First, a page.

So, it turns out there’s this store in the world named IKEA. It’s giant, blue, yellow, and full of…stuff. You can build a home, buy supplies for the home, or just chill on the furniture for your home, while eating a plate of Swedish meatballs or a cinnamon roll.
These are all true stories, and some of the things I have experienced in the past two days. A few months ago the city south of where we live opened up an IKEA. To give you an idea of this significance, the closest one past that is in Chicago. Needless to say I waited my due time to visit, and actually heading home yesterday Darco conned me into stopping by.
The best way I can describe this monster is an airport. The store, from top to bottom, is structured like an airport (and could probably hold a few more people). Parking is massive, there are multiple floors, and one can easily get lost (or trampled) along the escalators.
However, for all the strange things that make up the unique aspect of IKEA, there is one undeniable fact: there is a lot of cheap materials in that building. Part of the charm (or curse) of IKEA is that everything you buy, you put together yourself. If you happened to grow up with LEGO instructions, and read them, you’re in luck at this place. That aspect is part of what keeps the prices as low as they do. As it turns out IKEA has a huge variety of desks…like…teaching desks.
Last week Jim and I worked on my classroom a bit. I had mentioned to him that I had found a desk that I’d love for my classroom. Primarily this interest is due to the fact it’s a stand up desk. There’s a big movement in the running community about sitting too long at work. Teachers can easily be one of the easiest victims of this study. Needless to say, I’d enjoy having a desk to stand at throughout the day instead of just another excuse to sit. Even as a teacher, I can give reasons why teachers shouldn’t sit during class either, but that’s for a different day…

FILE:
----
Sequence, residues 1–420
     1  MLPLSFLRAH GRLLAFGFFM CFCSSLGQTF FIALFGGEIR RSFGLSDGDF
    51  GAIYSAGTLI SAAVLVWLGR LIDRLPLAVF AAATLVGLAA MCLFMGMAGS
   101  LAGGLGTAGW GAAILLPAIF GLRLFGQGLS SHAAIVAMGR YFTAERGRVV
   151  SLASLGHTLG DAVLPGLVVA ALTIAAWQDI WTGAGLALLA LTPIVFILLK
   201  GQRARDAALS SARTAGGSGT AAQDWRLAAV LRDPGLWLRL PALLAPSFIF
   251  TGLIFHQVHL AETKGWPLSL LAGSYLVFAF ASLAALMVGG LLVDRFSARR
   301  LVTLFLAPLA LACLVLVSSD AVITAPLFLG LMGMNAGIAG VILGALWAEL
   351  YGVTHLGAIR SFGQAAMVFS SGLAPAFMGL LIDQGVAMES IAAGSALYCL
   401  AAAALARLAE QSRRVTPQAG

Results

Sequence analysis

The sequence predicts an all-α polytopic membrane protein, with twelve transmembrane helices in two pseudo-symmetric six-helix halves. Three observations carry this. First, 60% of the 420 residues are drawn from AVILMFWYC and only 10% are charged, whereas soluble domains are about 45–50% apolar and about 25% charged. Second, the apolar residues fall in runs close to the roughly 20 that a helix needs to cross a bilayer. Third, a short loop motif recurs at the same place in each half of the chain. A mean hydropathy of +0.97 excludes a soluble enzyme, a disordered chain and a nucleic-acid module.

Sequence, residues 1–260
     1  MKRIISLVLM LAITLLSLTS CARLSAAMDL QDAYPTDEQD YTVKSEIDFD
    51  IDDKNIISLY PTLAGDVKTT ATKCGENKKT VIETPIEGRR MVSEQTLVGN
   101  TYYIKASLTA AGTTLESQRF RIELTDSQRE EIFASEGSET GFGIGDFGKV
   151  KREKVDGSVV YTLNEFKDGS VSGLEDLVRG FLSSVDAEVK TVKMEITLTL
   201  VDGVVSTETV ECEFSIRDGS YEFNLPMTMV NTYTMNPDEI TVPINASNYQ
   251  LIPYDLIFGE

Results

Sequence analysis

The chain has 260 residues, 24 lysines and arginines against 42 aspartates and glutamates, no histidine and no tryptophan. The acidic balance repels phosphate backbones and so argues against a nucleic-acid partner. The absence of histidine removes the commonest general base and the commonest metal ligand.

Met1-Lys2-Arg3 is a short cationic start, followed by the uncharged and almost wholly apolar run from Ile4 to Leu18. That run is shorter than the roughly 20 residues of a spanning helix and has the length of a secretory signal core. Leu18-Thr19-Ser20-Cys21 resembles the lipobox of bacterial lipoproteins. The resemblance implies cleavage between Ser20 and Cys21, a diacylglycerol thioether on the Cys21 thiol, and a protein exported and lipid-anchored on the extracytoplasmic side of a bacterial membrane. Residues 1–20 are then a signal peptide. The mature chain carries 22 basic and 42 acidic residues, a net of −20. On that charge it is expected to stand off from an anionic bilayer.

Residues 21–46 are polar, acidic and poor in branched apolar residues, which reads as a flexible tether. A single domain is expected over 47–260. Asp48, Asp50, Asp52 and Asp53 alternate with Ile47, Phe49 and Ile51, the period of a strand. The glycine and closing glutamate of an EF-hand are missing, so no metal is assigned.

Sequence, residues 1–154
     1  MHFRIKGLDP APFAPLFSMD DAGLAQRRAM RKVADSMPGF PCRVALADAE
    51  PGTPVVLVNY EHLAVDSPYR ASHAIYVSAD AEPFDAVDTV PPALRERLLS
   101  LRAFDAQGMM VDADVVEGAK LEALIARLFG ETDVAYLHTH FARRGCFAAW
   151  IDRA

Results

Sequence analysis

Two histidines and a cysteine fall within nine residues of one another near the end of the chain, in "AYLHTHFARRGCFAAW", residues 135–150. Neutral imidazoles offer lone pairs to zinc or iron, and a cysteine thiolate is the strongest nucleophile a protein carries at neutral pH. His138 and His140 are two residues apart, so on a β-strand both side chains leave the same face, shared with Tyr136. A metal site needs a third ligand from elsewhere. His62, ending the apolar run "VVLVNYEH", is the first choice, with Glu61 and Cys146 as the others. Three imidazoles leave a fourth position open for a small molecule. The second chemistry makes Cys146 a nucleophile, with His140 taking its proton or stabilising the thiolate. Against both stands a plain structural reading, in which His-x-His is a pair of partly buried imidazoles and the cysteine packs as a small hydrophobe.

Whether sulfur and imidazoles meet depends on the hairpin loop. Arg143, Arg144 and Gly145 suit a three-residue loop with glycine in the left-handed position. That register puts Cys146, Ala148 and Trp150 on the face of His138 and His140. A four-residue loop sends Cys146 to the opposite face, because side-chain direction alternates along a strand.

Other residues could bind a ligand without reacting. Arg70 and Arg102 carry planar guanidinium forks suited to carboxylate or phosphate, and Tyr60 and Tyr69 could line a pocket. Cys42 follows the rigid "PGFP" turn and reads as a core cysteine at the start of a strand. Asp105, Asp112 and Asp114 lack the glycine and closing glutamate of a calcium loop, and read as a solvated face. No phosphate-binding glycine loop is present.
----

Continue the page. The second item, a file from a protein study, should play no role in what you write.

The stand up desk is at IKEA, and sure enough my parents and wife went back to IKEA with me this afternoon. As my birthday gift, my parents snagged that desk. Let me tell you, buying an item at IKEA may be the hardest part of the entire experience. Once you find the item in the display room, you have to jot down a nine digit (nine?) number. But if you’re getting something like a table, you’ll need multiple numbers to ‘pick’ in the warehouse. Example, my desk comprises of a storage unit, two legs, two clamps, and a tabletop. I had to get a separate nine digit code for the table, another for the storage unit, another for the table legs, and another for the clamps. Also, you’ll need to know the aisle number and the bin number. Total, you’ll need…for my desk in this case….44 numbers to get you to your product.
9 Digit ID Number+1 Digit Aisel Number+1 Digit Bin Number+Blood of the Firstborn*=Key to the Warehouse
You need that number for when you enter what could be the world’s largest warehouse, outside of the one where the random stuff is store for Indiana Jones, to locate the boxed item. Once you find it, then you pile it in the cart (bring muscle) and head to checkout. While standing in the checkout line you’ll be bombarded by the smell of fresh cinnamon rolls located beyond the register.
After paying you’ll head to the loading dock adjacent to the parking lot. This is easily comparable to the drop-off section at the entryway of most airports. Watch out for the lady that has no control of her car/cart. Load your item into your car**, and get out of that place. Knowing that you’ll be visiting it again in two days because somehow they are ‘out of stock’ for a table top.
Until we meet again IKEA***, until we meet again.
By the way; thanks to some awesome parents for getting me a sweet desk for class.
**We tested out the flexibility of the Mazda3 with a 5′ storage unit